606.9b If an effect would set the life total of each player on a team to a number, the result is the sum of all the numbers.

606.9c If an effect would set a single player’s life total to a number, that player’s individual life total becomes that number. The team’s life total is adjusted by the amount of life that player gained or lost.[/indent]

Though unnecessary, I'm also going to copy-pasta the card's Oracle text and the rulings present in Oracle.

Damage that would reduce your life total to less than 1 reduces it to 1 instead.


* 9/25/2006 The first ability applies only if your life total is being reduced by damage. Other effects or costs (such as "lose 1 life" or "pay 1 life") can reduce your life total below 1 as normal.
* 9/25/2006 If an effect asks you to pay life, you can't pay more life than you have.
* 9/25/2006 The last sentence is not a prevention effect. It stops unpreventable damage from reducing your life total below 1.
* 9/25/2006 The ability doesn't change how much damage is dealt; it just changes how much life that damage makes you lose. An effect such as Spirit Link will see the full amount of damage being dealt.
* 9/25/2006 Thief won't prevent you from losing the game if your life total is 0 or less or some other effect causes you to lose the game.

Looking at everything at once, I find that I still don't know the answer. The real question here really is whether Fortune Thief looks at your team life total, or your own share of the life total. 609.c looks like it's saying that each individual player has a life total, and if it gets changed, the team life total gets changed accordingly. So I could see an interpretation saying that Fortune Thief only modifies the effect of damage on its controller's share of the life total and has no effect on the rest of the life total. But I really don't know.
I have too many irons in the fire.
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(Nevermind. Rethinking again.)

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actually that is an interesting scenario...

Platinum Angel is in play and the shared life total is -5.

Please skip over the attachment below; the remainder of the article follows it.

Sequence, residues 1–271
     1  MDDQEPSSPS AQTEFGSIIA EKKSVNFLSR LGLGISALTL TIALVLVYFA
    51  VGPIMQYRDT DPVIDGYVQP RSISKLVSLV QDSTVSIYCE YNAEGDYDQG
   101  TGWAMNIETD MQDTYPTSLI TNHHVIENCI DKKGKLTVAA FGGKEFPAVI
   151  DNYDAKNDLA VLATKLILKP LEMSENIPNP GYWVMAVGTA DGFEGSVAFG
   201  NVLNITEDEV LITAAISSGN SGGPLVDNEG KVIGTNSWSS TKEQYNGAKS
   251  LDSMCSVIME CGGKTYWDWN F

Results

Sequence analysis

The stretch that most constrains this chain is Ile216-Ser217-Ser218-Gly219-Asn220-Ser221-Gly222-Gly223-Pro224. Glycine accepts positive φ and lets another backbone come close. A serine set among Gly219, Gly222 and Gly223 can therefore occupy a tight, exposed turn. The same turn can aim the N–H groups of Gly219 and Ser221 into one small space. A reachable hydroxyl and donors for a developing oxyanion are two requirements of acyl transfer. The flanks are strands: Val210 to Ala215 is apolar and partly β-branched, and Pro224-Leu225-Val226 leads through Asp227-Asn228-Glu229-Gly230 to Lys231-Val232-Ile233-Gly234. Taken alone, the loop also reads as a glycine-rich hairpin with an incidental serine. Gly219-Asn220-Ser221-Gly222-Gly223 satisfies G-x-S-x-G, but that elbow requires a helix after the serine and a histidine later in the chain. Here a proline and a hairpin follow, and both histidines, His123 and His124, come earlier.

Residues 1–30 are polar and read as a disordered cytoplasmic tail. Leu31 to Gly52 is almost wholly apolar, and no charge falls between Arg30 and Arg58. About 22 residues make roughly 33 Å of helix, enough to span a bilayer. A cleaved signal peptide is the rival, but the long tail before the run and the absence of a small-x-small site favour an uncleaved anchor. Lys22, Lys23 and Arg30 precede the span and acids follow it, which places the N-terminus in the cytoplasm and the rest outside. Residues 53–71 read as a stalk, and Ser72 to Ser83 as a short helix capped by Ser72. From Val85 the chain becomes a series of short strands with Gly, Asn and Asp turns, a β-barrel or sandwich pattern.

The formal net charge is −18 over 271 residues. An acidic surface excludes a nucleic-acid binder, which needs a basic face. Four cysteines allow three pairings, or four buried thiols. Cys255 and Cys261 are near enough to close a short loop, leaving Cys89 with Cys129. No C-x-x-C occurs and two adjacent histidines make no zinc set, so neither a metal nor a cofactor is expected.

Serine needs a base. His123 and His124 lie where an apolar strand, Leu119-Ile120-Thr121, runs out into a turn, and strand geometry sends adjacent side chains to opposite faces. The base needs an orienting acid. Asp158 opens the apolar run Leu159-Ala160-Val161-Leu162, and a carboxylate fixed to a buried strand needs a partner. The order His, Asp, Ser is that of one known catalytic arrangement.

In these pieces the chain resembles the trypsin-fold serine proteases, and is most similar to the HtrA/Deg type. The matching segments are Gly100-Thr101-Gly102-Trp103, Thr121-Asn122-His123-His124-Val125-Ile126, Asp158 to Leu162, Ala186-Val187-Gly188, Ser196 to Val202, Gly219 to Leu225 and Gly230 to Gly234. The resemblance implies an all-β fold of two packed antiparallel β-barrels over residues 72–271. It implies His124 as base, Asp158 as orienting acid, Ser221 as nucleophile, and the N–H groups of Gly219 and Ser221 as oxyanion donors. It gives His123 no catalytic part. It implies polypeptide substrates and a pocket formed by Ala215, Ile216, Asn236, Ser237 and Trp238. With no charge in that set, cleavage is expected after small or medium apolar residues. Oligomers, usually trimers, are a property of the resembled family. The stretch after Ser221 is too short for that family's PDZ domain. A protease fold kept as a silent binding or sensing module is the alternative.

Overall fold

If something does damage that would reduce the total to less than 1, which that damage would do (nevermind that that is already the case), it would attempt to "reduce" it to 1 instead (which is an impossible action).

What would happen?

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So, to be clear, we're in pretty much agreement that this 'your' effect is no different from the rest in MtG, in that it affects only its controller, but we're not quite sure about how to look at 'your life total' when using the card? Or is there still disagreement about the 'your' referring to the player or the whole team?
MTG Rules Advisor Mirrodin_Loyalty.png

What would happen?

Ignoring the 2HG scenario?

Then, if your Lifetotal is already less than 1 then Worship/Fortune Thief will have no effect on how Damage being dealt to you affects your lifetotal.
That damage, being dealt to you, will cause your lifetotal to continue into the negatives.
actually that is an interesting scenario...

Platinum Angel is in play and the shared life total is -5.

If something does damage that would reduce the total to less than 1, which that damage would do (nevermind that that is already the case), it would attempt to "reduce" it to 1 (which is an impossible action).

What would happen?

The life total would go down; since Magic doesn't use negative numbers, a reduction by a negative number is impossible. So, since the game can't 'reduce' your life total from -5 to 1 (a reduction of -6, which is impossible since MtG uses only non-negative integers), it ignores that impossible action, and the change in life will be as normal.*